Internet-Draft TACACS+ TLS 1.3 June 2022
Dahm, et al. Expires 4 December 2022 [Page]
Operations and Management Area Working Group
RFC8907 (if approved)
Intended Status:
Standards Track
T. Dahm
D. Gash
Cisco Systems, Inc.
A. Ota
J. Heasley



The TACACS+ Protocol [RFC8907] provides device administration for routers, network access servers and other networked computing devices via one or more centralized servers. This document, a companion to the TACACS+ protocol [RFC8907], adds Transport Layer Security (currently defined by TLS 1.3 [RFC8446]) support and deprecates former inferior security mechanisms.

Requirements Language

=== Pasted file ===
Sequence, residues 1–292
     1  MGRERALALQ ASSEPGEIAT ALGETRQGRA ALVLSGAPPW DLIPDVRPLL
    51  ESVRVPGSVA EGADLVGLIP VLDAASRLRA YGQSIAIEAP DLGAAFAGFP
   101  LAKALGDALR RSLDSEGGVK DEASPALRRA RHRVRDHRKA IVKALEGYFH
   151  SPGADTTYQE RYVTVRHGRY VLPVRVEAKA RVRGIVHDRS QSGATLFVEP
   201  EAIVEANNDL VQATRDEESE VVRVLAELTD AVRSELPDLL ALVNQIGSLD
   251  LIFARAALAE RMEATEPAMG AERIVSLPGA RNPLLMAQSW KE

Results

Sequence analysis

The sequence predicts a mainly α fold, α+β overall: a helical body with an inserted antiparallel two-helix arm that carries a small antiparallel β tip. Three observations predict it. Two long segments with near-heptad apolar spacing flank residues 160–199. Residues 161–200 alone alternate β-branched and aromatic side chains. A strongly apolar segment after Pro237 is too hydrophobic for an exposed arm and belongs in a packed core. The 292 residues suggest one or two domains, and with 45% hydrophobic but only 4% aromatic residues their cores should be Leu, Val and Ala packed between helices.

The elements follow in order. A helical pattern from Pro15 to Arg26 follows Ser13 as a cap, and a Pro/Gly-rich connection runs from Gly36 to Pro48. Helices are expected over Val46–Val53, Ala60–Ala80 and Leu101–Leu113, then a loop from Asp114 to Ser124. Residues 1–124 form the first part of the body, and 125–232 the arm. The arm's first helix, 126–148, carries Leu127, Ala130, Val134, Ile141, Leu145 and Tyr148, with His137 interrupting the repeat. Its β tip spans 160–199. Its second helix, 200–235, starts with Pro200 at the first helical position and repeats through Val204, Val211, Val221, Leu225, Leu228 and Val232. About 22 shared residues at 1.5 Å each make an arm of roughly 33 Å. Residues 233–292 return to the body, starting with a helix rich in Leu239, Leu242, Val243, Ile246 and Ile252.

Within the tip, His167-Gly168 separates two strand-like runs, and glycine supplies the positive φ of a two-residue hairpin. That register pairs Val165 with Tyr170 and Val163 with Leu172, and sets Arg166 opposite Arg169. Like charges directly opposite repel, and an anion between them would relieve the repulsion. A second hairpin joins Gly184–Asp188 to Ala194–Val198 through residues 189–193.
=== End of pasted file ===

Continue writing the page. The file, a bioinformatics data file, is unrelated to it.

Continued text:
The key words "MUST", "MUST NOT", "REQUIRED", "SHALL", "SHALL NOT", "SHOULD", "SHOULD NOT", "RECOMMENDED", "NOT RECOMMENDED", "MAY", and "OPTIONAL" in this document are to be interpreted as described in [BCP14] when, and only when, they appear in all capitals, as shown here.

Status of This Memo

This Internet-Draft is submitted in full conformance with the provisions of BCP 78 and BCP 79.

Internet-Drafts are working documents of the Internet Engineering Task Force (IETF). Note that other groups may also distribute working documents as Internet-Drafts. The list of current Internet-Drafts is at

Internet-Drafts are draft documents valid for a maximum of six months and may be updated, replaced, or obsoleted by other documents at any time. It is inappropriate to use Internet-Drafts as reference material or to cite them other than as "work in progress."

This Internet-Draft will expire on 4 December 2022.

Table of Contents

1. Introduction